In brief – Tudor London —Page 7

The coronation of Anne Boleyn as Queen of England at Westminster Abbey on Whit Sunday, June 1533. It was the last time a Queen Consort was to have a separate coronation.

More people required more water and new conduits were made to bring additional supplies from springs outside the city, including that opened by William Lamb (‘Lamb’s Conduit’) in 1577. In 1581 the Dutch hydraulics engineer Peter Morice successfully demonstrated a method of drawing water from the Thames to supply premises around the north end of London Bridge.

In the second half of the 16th century the carriage, a new style of transport pulled by horses, began to become popular with London’s wealthy. The idea of the vehicle for transporting goods caught on and it was not long before large wagons were arriving in London. ‘Hackney carriages’, the predecessor of our modern taxi, could be hired in London and long-distance passenger services, called ‘long wagons’ were introduced. However, the city’s streets were not created to be suitable for these new forms of transport and congestion became a major problem.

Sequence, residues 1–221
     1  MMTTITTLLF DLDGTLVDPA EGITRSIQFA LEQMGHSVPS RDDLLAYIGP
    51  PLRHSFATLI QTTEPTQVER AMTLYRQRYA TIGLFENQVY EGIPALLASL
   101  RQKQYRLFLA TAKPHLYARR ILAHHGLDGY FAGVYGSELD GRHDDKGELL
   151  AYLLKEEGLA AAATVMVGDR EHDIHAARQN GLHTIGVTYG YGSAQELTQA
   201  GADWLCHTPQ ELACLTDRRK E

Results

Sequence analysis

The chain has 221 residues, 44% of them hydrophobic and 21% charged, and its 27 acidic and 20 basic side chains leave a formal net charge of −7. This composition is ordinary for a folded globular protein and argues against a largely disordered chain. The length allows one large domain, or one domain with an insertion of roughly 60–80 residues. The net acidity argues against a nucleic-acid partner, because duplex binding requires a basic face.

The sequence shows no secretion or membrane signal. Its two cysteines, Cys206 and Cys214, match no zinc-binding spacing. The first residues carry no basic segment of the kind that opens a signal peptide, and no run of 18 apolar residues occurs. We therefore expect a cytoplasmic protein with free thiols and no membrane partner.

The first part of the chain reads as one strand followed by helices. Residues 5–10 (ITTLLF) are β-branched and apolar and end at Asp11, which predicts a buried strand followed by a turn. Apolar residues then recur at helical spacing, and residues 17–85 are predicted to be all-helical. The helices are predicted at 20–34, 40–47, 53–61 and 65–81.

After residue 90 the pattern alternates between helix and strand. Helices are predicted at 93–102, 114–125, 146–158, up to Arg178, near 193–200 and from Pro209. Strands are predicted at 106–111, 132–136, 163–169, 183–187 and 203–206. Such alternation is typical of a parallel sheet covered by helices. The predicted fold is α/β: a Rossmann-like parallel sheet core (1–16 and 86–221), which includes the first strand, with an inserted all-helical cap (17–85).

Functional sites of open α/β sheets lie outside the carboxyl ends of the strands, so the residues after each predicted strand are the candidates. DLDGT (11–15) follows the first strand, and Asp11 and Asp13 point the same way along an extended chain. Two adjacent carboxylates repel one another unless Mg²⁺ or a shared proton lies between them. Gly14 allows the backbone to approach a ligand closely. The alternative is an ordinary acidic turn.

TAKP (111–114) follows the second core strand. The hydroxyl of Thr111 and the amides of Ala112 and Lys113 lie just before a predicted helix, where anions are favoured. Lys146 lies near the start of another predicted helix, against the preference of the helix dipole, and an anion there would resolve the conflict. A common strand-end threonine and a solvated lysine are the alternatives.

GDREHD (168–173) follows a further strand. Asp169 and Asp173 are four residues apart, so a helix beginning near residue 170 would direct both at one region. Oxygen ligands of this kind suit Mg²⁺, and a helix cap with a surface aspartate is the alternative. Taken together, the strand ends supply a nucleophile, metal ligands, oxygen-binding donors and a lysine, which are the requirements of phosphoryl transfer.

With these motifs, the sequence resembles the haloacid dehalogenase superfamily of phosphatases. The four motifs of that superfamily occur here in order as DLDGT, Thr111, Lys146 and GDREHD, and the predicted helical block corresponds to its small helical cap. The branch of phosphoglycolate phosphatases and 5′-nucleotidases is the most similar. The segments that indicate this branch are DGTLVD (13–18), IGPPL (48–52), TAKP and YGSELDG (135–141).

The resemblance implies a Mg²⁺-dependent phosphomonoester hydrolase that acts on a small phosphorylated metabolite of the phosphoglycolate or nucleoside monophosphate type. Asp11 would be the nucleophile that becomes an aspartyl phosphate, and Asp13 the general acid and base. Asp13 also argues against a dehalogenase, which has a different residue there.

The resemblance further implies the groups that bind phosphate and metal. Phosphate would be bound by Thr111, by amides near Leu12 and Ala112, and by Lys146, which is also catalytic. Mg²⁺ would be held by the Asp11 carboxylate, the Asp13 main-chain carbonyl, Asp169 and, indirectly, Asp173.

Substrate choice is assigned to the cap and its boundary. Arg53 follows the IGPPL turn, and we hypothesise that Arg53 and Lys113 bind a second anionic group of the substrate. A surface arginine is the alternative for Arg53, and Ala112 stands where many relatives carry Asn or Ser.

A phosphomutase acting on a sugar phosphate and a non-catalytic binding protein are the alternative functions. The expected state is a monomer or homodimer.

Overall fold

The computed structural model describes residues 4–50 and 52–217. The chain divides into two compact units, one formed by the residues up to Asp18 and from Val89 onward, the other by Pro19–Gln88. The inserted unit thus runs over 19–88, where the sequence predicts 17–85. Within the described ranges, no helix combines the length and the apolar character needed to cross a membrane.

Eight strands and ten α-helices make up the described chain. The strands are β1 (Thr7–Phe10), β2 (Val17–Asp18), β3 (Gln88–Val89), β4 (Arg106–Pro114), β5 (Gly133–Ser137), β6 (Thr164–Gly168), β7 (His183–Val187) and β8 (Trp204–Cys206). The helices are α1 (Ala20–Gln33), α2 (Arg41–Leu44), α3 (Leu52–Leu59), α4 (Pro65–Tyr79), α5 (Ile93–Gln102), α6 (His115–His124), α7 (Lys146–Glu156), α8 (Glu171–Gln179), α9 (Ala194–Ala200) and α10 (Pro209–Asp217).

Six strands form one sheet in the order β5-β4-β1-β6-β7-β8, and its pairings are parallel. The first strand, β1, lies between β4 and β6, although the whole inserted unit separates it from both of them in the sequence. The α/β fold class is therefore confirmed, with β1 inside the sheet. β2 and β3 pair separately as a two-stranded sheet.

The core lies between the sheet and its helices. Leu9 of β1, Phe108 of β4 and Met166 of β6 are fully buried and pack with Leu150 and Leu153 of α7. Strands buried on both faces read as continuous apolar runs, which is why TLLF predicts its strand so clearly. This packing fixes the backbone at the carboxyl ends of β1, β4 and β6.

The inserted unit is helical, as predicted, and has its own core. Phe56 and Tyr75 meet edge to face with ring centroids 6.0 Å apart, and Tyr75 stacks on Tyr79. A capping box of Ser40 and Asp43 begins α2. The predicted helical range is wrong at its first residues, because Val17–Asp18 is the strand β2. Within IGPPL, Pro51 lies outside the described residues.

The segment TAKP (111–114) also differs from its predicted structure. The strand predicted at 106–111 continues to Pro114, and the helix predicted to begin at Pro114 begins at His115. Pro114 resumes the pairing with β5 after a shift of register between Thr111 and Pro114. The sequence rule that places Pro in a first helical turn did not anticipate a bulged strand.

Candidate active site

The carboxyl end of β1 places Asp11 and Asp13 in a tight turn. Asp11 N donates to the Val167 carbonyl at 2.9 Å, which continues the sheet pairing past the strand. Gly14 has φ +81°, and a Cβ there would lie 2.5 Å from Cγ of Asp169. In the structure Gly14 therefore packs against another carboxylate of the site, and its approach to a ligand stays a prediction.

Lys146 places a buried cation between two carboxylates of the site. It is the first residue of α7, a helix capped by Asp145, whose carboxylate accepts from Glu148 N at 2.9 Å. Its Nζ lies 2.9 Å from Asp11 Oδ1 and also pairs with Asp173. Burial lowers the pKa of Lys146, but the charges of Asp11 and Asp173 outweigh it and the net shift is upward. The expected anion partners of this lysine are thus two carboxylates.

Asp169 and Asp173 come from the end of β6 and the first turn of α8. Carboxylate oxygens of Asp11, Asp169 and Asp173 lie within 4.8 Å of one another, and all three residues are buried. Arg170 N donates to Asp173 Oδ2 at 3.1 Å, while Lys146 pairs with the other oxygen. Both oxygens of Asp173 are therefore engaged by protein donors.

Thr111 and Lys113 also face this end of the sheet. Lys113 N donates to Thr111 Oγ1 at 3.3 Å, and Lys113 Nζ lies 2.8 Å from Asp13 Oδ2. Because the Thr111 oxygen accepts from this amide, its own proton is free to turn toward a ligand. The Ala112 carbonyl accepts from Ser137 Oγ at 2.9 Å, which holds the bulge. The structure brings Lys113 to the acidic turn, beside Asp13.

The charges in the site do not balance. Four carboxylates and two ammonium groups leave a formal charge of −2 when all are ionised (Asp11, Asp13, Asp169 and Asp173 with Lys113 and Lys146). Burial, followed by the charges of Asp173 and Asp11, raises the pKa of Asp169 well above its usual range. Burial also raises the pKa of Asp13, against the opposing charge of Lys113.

In 1569 the government, in need of finance, gave permission to Peter Grimaldi and George Gilpin to organise a lottery based on a scheme that had been in use in Italy, the first to ever take place in England. The final draw was held on the steps of St.Paul’s Cathedral.

The end of the reign of Queen Elizabeth was marked by an attempted coup in London, led by the Earl of Essex. It was generally a difficult period for the country, with famine, plague and strain on the nation’s finances. Elizabeth, the ‘Virgin Queen’, famously never married and therefore died at Richmond Palace without a direct heir, with the crown passing to her nearest living relative, King James of Scotland.

The death of Queen Elizabeth in 1603 marked the end of an era that had begun when her grandfather, Henry Tudor, had seized the throne from Richard III in 1485. Under the five Tudor kings and queens much had changed. Throughout medieval times England had been an island on the edge of Europe, dominated by the major powers of France and the papacy in Rome. By the end of Elizabeth’s reign England had belief in itself as a separate nation state, politically isolated from other European powers by the creation of the Anglican Church but strong enough to control its own destiny.

With thanks to Ursula Jeffries for help with fact-checking and proof-reading.

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